net transfers. The saving rate is calculated as
the ratio of gross saving to GDP. Like financial
intermediaries, stock market intermediate savings to investment projects. Usually the larger
the savings, the higher the amount of capital

Vol. 14, No.1, April 2012

flows through the stock market. Thus, we
expect savings to be an important determinant
of stock market capitalization.
Financial intermediaries are measured by
two following indicators:

5. Financial resources provided to the private sector (CRE): credit to private sector rate
% of GDP. Private credit is the most comprehensive indicator of the activity of commercial
banks. It captures the amount of external
resources channelled through the banking sector to private firms. In addition, it measures the
activity of the banking system in one of its
main function: channelling savings to

6. Liquid liabilities of the financial system
M2/GDP (M2) includes all loans, purchases of
non-equity securities, trade credits and other
accounts receivable for the repayment provided for the private sector to GDP. We use liquid
liabilities of the financial system to proxy M2.
Liquid liabilities consists of currency held outside the banking system plus demand and
interest-bearing liabilities of banks and nonbank financial intermediaries. The M2 to GDP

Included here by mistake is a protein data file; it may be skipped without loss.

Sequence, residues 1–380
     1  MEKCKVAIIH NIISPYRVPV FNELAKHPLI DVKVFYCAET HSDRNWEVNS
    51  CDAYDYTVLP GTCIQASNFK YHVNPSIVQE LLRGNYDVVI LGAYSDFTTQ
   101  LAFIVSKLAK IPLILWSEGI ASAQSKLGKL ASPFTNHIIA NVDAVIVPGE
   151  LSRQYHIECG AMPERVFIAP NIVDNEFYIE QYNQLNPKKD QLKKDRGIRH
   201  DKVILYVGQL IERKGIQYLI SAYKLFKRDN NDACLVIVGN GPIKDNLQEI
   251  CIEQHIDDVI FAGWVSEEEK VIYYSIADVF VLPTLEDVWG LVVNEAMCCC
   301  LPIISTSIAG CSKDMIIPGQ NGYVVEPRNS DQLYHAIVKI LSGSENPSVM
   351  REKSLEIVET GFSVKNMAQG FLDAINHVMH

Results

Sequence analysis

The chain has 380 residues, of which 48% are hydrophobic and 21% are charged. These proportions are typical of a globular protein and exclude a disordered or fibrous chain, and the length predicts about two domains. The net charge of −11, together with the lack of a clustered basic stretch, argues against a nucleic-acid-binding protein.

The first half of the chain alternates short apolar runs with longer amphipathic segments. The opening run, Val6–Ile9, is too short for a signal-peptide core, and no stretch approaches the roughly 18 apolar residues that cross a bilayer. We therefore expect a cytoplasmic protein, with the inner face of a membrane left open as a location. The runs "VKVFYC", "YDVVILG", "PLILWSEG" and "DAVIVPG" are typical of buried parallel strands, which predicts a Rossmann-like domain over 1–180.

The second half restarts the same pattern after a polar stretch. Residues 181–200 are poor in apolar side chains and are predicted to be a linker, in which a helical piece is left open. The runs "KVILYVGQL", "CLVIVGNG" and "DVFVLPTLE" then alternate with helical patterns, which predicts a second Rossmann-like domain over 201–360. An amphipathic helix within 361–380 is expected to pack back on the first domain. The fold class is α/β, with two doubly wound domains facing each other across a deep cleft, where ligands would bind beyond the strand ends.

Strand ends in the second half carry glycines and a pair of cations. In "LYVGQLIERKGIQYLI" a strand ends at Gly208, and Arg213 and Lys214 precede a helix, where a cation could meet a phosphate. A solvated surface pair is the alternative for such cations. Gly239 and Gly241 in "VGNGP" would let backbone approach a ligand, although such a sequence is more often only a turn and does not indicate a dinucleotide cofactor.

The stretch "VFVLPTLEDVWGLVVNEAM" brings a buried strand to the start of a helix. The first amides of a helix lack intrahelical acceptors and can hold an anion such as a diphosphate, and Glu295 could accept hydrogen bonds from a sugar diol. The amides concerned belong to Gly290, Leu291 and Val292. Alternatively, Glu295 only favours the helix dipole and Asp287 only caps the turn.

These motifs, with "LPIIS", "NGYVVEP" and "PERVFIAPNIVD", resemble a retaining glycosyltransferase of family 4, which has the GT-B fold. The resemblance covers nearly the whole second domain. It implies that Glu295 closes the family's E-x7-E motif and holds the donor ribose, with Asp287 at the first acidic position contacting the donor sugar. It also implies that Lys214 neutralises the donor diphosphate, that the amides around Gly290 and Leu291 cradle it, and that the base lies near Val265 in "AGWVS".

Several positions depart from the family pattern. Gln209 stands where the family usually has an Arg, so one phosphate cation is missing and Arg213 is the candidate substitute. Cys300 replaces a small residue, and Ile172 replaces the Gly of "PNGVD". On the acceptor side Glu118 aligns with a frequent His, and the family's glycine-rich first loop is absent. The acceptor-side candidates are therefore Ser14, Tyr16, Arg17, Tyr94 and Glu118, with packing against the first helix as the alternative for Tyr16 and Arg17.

ratio is an indicator of the size of the banking
sector in relation to the economy as a measure
of financial depth, therefore we expect a positive relationship with the market capitalization.
Macroeconomic stability

7. Economy stabilization: inflation change
(INF_CHANGE): we use the difference of
inflation rates to measure macroeconomic stability. We calculate the change of this year’s
Journal of Economics and Development

inflation rate from last year. Inflation change is
used because we believe that high, stable inflation may not represent much instability, but
inflation rates that bounce around a lot probably do represent macroeconomic instability.
Hence, the expected relation is negative.

8. Financial crisis (CRI): is measured by a
dummy variable (0,1) and value at 1 when crisis occurs - Asia crisis (1997,1998) and word
crisis (2008). As Dirk (2006), crisis causes
some negative impacts to the development of
financial as well as stock market.

From the discussion above, the suggested
model employed in this paper is as follow:

3. Data collection and research methodology

For the data with two dimensions times
series and cross sections, the paper uses the
panel data analysis via Constant Coefficients
Model, Pooled OLS Method, panel unit root
test as well as panel cointegration test to examine the main explanatory variables of stock
market developments in selected ASEAN
countries in the long run. Cointegration analysis allows using non-stationary (series) data so
that avoid the spurious regression results as
Utkulu (1997). The “cointegration” concepts
were first introduced by Granger (1981) then
developed by Engle and Granger (1987). The
non-stationary and stationary states are the
crucial concepts of this method. It means that
econometric analysis, both non-stationary and
stationary processes might be linked by equi105

Vol. 14, No.1, April 2012